If the MIST Harlem pre-opening event last night was any indication of the quality of program to expect when the venue is fully up and live – there is only one thing to say – wow!
The pre-opening event last night was an inspiring revelation on the impact that can we achieve through the innovative combination of art/culture/economic empowerment and community development. I was blown away on so many levels I simply have to list them!
- The content of the documentary: The story is incredible in the divides that are crossed – the creation of Ingoma Nshya women’s drumming circle in modern Rwanda. An incredible story in itself as it documents a group that bridges Rwanda’s painful history of genocide by bringing together Hutu and Tutsi women who touchingly work in close harmony. If that were not enough, the group breaks another boundary by being a women’s group in a culture where drumming is traditionally the domain of men. And still further, in addition to art, the women form a way to build an economic livelihood for themselves, their families and the community by bringing an “ice cream” shop for the first time to a small Rwandan town! The ice cream shop once up and running is transitioned to cooperative ownership by 30 of the women. When the documentary screen closes and then representatives of the group walked into the hall at MIST Harlem, that in of itself could move the most stoic of us to hold their hearts.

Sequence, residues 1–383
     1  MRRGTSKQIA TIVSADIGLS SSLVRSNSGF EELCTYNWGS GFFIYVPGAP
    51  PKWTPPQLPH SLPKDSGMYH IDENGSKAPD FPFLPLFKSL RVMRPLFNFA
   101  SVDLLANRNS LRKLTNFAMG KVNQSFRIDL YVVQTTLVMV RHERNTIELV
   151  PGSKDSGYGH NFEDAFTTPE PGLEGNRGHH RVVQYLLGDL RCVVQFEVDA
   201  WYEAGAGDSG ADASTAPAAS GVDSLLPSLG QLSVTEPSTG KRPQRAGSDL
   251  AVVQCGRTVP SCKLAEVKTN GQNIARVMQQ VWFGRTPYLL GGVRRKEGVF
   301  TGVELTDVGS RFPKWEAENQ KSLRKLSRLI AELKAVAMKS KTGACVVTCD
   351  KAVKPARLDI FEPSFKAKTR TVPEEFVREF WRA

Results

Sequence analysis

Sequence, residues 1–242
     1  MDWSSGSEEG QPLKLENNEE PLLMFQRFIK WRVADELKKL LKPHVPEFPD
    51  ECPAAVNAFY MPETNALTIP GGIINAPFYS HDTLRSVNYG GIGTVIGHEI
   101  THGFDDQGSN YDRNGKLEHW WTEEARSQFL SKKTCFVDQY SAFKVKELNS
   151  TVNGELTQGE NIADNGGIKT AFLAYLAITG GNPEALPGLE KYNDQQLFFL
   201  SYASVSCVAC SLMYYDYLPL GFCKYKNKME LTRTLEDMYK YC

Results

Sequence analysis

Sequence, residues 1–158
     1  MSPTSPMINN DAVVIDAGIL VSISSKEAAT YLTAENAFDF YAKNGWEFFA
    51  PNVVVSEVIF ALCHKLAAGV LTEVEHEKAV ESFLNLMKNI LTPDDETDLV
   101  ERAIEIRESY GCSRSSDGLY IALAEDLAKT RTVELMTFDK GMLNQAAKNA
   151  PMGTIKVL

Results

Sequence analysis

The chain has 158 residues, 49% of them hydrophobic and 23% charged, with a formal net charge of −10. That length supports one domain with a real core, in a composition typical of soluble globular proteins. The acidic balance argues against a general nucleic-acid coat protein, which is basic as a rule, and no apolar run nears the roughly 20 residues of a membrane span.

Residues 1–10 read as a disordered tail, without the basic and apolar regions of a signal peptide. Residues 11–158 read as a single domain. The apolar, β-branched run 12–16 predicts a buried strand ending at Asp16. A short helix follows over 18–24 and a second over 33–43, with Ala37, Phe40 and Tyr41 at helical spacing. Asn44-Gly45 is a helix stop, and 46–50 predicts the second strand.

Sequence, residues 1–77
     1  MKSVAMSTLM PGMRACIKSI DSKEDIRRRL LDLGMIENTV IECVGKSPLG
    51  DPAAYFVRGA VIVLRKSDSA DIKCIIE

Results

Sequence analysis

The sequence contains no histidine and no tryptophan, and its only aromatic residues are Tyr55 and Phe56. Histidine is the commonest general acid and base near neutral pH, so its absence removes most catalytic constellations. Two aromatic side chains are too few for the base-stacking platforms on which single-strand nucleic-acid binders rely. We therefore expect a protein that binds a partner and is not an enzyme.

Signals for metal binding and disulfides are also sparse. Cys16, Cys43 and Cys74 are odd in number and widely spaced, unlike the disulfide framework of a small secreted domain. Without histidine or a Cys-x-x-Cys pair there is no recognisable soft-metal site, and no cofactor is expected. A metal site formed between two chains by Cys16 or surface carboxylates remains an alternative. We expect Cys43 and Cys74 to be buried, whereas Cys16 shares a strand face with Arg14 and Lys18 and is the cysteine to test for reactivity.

2. The live performance: Not only were we treated to a powerful performance by the drumming group, Ingoma Nshya, but we were also enjoyed a performance by a Harlem based women’s drumming group, Alacande. After both groups performed separately we were then treated to an unrehearsed improvisation session when both women’s drumming circles jammed together on the spot on stage. Amazing to watch the cultural conversation – the diaspora in full force and effect!
3. The ongoing engagement: With closing remarks done with MIST Harlem’s CEO Roland Laird and other key organizers, we were left with a powerful take away. If you want to not only to support the women drummers of Rwanda, but the broader community, then support their economy by buying their coffee. Under the auspices of the work of Grace Hightower and Coffees of Rwanda, an important economic lifeline has been created to rebuild the post conflict economy with revenues from the development of a coffee sector, with local coffee cultivation and roasting connected directly to branded international marketing.
I happily had a tasting of coffee on the way out, bought a bag of Grace Hightower and Coffees of Rwanda expresso blend, and left on a high in anticipation of what is yet to come at MIST Harlem!